The EU’s Hard Line on Privacy and the Environment May Be Coming to an End
The EU has long taken a harder line on privacy and environmental regulations than the US. But activists worry that may soon come to an end.
Last week, the EU and the US met to negotiate the Transatlantic Trade and Investment Partnership, or TTIP for short. The proposed agreement isn’t done, but on Monday, Greenpeace Netherlands published a set of documents that the organization claims includes a partial draft of the TTIP agreement. According to the organization, the leak reveals the US’s plans to weaken at least some of the EU’s laws.
The TTIP should not be confused with its companion agreement, the Trans-Pacific Partnership, or TPP, a sweeping trade deal between the US and 11 other countries, including Japan, Australia and New Zealand. But it has kicked off a similar controversy. The think tank Centre for Economic Policy Research estimated that, once fully implemented, TTIP could yield economic gains worth $137 billion for the EU and $109 billion for the US in a report published in 2013. But critics have long worried that the agreement could erode the EU’s stringent environmental regulations and privacy protections while giving more power to corporations to sue governments.
The latest leak will do little to resolve the controversy. The documents contains only about half of proposal, and were created prior to the beginning of last week’s round of negotiations, so they’re incomplete and probably already a little outdated. But it does draw attention to a major trade agreement that hasn’t received much attention in the US.
Whither EU Regulations?
Activists have long worried that TTIP could weaken European privacy laws, such as the data privacy rules, but the leaked documents have surprisingly little to say on the subject. The electronic communications section, for example, makes no mention of privacy whatsoever. That might be because laws governing the flow of EU citizens’ personal data into the US is expected to be covered by a separate agreement, the Privacy Shield agreement, which will replace the recently invalidated safe harbor provision. But it could also be that the EU and US simply haven’t made much progress on privacy in negotiations. But the documents do raise other issues.
For example, the EU has passed laws to enforce an idea known as the precautionary principle. That means that when there is any scientific doubt as to whether a product or business practice may cause environmental harm or damage consumers’ health, it’s up the company or companies in question to prove that there is no harm. This policy stands is stark contrast to US law, where it’s generally up to consumer advocacy groups and environmental activists to prove that a company is causing harm. As a result, genetically modified organisms have been mostly banned in Europe, and companies are forbidden from using certain chemicals in their products.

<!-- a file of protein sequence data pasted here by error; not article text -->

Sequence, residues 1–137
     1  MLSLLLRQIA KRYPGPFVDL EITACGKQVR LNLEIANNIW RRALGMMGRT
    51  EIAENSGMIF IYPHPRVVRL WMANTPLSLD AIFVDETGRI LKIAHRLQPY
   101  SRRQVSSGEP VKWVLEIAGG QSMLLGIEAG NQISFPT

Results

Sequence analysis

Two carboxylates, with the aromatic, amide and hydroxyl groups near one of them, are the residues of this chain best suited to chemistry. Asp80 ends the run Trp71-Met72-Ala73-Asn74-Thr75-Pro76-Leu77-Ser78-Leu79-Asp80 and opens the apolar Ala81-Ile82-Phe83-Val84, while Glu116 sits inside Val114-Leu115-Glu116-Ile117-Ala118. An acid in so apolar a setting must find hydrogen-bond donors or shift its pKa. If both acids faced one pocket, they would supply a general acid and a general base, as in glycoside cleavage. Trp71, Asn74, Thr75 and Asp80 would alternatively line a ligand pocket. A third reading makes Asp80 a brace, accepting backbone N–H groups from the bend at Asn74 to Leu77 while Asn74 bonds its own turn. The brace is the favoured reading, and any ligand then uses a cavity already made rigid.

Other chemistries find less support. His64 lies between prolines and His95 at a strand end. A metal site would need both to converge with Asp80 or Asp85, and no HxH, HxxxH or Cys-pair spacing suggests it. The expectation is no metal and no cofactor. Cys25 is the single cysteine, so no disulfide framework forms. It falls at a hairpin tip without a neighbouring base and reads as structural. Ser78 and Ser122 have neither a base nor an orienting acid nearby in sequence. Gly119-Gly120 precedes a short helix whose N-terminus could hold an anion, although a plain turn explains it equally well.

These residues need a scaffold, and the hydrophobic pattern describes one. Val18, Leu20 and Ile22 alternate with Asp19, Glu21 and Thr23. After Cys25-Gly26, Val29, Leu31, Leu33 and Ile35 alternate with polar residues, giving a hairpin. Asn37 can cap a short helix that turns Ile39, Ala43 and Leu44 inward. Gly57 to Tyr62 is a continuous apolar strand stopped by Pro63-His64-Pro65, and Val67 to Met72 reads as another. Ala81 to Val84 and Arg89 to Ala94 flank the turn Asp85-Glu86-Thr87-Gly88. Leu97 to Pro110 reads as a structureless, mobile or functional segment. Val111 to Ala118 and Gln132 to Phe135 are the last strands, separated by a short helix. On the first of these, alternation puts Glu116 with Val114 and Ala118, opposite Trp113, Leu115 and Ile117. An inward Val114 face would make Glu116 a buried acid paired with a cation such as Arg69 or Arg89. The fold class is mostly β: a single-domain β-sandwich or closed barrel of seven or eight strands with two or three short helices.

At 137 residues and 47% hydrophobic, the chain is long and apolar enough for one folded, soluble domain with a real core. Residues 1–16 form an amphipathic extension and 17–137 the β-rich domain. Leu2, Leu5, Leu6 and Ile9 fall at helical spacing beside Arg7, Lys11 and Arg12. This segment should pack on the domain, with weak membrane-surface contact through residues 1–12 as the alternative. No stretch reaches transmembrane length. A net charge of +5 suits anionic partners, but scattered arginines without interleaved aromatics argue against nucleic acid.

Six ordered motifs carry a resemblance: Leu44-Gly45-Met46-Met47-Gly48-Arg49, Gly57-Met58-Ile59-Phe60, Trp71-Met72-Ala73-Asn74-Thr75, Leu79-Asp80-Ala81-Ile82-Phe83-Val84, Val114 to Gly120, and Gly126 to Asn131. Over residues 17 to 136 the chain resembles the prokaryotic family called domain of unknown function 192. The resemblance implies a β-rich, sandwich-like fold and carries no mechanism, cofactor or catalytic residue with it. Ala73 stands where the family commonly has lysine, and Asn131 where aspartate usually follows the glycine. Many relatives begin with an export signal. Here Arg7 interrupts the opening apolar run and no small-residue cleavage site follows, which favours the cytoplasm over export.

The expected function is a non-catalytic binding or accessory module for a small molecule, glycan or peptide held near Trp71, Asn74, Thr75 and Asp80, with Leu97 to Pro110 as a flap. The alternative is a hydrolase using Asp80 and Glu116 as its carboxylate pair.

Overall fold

Unsurprisingly, US trade groups would like to change these laws, and according to Greenpeace’s interpretation of the leaked documents, the EU doesn’t appear to being putting up much of a fight.
What’s Left Unsaid
A blog post published by European Commissioner for Trade Cecilia Malmström argues that concerns that US companies would use the TTIP to steamroll European regulations are overblown. “It is only normal that both parties in a negotiation want to achieve as many of their own objectives as possible,” Malmström wrote. “That does not mean that the other side gives in to those demands.”
Malmström also claims that the leak, which she did not confirm nor deny was authentic, contains no new information since the commission regularly releases its position papers and proposal.
Greenpeace called this argument disingenuous in a statement also published Monday, citing a discrepancy between what the commission has said publicly and what the leaked documents say. For example, the EU has published policy papers that stress the importance of the precautionary principle, Greenpeace notes that this position is conspicuously absent from the documents. “In several areas the US proposes to lower EU standards, but there are no EU proposals in the leaked consolidated documents to counter this,” Greenpeace’s statement says. In other words, it’s what not in the leaked documents that worries the organization.
But Malmström has been unambiguous about the EU’s resolve not to lower standards. “It begs to be said, again and again: No EU trade agreement will ever lower our level of protection of consumers, or food safety, or of the environment,” she wrote in the blog post. “Trade agreements will not change our laws on GMOs, or how to produce safe beef, or how to protect the environment.”